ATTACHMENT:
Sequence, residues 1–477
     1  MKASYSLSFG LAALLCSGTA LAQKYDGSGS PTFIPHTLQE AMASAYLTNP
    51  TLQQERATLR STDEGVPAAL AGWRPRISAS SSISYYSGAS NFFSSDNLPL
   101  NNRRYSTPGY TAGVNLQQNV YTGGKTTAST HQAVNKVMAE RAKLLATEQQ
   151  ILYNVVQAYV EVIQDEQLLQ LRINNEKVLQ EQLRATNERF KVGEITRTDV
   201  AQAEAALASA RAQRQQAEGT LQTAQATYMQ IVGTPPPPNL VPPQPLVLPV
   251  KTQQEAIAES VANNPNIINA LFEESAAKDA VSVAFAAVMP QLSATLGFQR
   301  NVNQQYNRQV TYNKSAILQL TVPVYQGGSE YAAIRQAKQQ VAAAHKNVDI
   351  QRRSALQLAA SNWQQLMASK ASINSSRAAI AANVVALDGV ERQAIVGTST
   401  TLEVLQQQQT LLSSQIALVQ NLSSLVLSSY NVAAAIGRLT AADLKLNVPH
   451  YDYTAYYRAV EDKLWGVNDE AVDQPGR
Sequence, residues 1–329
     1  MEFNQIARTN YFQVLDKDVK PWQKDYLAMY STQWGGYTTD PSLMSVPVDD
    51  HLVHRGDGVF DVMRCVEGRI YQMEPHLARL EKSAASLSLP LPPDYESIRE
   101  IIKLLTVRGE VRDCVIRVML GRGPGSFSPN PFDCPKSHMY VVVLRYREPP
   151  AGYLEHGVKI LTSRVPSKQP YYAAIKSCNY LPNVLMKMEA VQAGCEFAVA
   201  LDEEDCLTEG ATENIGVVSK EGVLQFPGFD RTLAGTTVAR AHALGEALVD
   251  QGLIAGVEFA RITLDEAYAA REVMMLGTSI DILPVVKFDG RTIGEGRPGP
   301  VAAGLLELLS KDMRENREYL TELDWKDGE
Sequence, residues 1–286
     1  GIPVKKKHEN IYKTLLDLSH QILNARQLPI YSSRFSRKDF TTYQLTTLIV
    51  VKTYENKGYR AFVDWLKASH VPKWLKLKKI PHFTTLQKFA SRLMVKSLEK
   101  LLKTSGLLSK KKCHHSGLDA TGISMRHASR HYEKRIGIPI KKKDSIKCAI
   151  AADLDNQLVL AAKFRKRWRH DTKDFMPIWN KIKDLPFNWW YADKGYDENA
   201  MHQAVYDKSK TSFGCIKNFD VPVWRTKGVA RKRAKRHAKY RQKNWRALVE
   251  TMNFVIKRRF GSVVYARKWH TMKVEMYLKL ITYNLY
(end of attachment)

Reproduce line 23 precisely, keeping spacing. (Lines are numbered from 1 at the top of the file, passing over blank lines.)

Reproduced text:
   101  LLKTSGLLSK KKCHHSGLDA TGISMRHASR HYEKRIGIPI KKKDSIKCAI